The Great Fabricator
by B. H. DANSFORTH
Attachment is the great fabricator of illusions; reality can
be attained only by someone who is detached. — Simone Weil
By that time there were two of them, and I lived in a pointless fear that one would see me with the other.
Neither of them thought he was my boyfriend, but I knew in my heart one was.
I saw Michael with his dog in a park. She died, struck by a car, a few weeks later. You can imagine my surprise.
From New York, I moved to San Jose and back. Flights take too long.
Michael had this crest of hair, and when he touched silverware, he always turned it over in his hand. Are you good enough to touch my body?
See if you can figure out who is my boyfriend, I don’t know.
OK, but so I imagined what would happen if Michael saw me with Luis. Eventually I thought of a proper solution: I would say that Luis was an attorney, I was making a will, and I would give him everything.
Some other shit was going on, too. I don’t know if it is my fault, or maybe just the way the world is, but every single thing feels like a distraction from something else.
Luis did not feel that way, but I do not say it was a good thing. He had the straightest teeth I had ever seen, and he brushed them religiously. His dark hair was kept short, and he took vitamins every morning.
It took him so long to take them all.
Michael, perched on the edge of the escalator of some store he took me to. His family had money, and he never knew what it was to be without it.
The thing is, I always did like taking pills. This all happened after I stopped taking them, but I still liked them.
I never mentioned it to Luis, but Michael knew about my habit. He asked me what it was like, and I said that it was like I was a honeybee that finally found the nectar.
He said, “Did you know Russia doesn’t have honeybees?”
He knew a lot of little things, like how to wear a scarf and where to eat on Tuesday night.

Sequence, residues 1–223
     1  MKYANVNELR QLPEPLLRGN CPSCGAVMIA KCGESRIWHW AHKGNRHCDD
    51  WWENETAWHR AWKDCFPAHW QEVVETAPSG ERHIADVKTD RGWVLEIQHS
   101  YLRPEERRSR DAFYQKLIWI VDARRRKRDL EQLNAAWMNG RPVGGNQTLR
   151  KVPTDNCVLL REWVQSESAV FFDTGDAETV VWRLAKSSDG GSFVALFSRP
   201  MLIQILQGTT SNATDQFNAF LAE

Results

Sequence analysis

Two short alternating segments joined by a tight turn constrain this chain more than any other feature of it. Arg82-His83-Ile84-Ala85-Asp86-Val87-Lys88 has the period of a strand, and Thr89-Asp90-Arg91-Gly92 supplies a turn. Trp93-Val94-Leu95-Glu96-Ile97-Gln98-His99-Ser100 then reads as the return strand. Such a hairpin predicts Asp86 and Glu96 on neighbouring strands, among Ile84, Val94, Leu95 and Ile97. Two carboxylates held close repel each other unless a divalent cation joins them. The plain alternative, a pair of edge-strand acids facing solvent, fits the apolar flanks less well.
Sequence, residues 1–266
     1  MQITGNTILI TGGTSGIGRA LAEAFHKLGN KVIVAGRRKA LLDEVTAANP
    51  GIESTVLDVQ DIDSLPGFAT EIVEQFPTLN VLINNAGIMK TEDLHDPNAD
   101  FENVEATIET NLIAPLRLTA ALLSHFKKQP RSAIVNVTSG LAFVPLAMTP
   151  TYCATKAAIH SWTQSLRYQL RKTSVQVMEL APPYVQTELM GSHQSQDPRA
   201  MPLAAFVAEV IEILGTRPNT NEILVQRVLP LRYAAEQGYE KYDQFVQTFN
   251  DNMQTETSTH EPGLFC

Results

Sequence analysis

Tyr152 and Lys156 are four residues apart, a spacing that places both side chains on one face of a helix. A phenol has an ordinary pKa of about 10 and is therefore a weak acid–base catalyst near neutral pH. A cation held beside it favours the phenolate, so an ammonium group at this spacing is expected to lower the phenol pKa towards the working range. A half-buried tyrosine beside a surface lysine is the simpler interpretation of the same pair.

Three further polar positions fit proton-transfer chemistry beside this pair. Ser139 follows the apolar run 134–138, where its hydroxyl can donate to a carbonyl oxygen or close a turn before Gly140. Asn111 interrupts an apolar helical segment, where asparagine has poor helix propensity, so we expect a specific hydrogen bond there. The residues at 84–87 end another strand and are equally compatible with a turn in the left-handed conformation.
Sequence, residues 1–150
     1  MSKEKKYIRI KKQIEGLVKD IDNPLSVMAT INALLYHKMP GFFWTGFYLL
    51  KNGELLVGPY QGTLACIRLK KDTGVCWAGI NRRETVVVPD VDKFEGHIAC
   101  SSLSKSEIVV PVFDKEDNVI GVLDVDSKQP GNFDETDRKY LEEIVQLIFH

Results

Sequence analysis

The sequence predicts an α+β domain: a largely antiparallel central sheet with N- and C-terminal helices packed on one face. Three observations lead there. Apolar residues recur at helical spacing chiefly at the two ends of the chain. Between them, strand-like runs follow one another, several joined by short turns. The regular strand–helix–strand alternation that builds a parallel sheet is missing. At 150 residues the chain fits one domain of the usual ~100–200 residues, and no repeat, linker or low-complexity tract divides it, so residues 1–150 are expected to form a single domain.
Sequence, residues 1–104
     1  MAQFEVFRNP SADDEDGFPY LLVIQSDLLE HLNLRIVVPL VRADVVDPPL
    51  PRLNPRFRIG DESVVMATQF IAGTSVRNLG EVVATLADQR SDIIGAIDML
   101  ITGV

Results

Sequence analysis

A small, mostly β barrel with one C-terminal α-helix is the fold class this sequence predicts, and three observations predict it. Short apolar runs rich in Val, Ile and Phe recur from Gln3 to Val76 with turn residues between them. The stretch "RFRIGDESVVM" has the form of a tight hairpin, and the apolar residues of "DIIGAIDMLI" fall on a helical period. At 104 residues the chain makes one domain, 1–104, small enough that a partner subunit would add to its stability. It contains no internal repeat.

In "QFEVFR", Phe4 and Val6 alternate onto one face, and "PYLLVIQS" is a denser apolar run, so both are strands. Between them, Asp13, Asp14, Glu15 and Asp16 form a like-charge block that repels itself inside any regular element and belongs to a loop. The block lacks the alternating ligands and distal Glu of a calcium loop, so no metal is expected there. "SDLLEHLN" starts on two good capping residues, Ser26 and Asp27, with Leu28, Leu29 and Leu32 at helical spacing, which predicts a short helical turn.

Luis was not like that, although he was far from the creative type.
You can probably tell I have moved on from both these men.
I liked the idea of one telling me what I did not like about the other, but I knew they would find out about each other eventually.
OK, so Luis’ mother died. It was March, his hands were calloused from moving all the stuff out of her house and sanding down the floors. His mother was a smoker, and sometimes, but not all the time, she ashed on the floor.
I asked Luis how his mother could do that. Was there anything particularly difficult about an ashtray? Then I closed my mouth.
I wasn’t overly celebrating my sex life with either one of these men. That is not to say we did not have moments. They were both very serious people.
It is wonderful to think of life that way, like you are Anna Karenina or Hamlet, or both wrapped up into a sad package. I am not that type of person, so I aspire to be with someone who is like that, and stay nearby.
Michael’s dog was named Rye. He said that she was a willful dog. I threw out the golden’s collars. He didn’t need them anymore, but he thought he did.
It took me awhile, maybe a few cross-country trips, to realize I am a judgmental person. I think most people evaluate others on their words and deeds, which is a fine way of doing things, I’m sure.
I prefer to focus on what people are not doing or saying.
Let me start with Michael. He did tell me he loved me, but he did not do it all the time. He did not introduce me to his family until much later. He never prayed, he never shot pool, he never rode the bus.
All the straight rows of houses out here. It bothers me sometimes. It is fun to observe normal things only if you are irregular, which is the attraction of such drugs. I could have taken them forever, and on some level I wish I was taking them now.
Luis’ mother developed lung cancer. It progressed rather quickly.
He never held out much hope.
He did not know how to drive, he had a horrible sense of direction, he never wore jeans, never drank coffee after noon. He never said, “I love you,” but honestly he did not have to, and it would have ruined things.
I don’t have the energy for another flight. I actually still take drugs, just none that are any fun, except klonopin, which makes me feel like a bean bag.
I miss Luis, and probably the Michael I am writing about a bit more. I think they both knew they were not the only one, and that ruined things.
I admire people who can keep such things separate in their mind, discrete partitions of experience. I find myself going back there, stretching through the flimsy walls. I would not like to be a man.
B.H. Dansforth is a contributor to This Recording. This is her first appearance in these pages. She is a writer living in New Jersey.
Paintings by Swoon.
“Valentine” – Sasha Siem (mp3)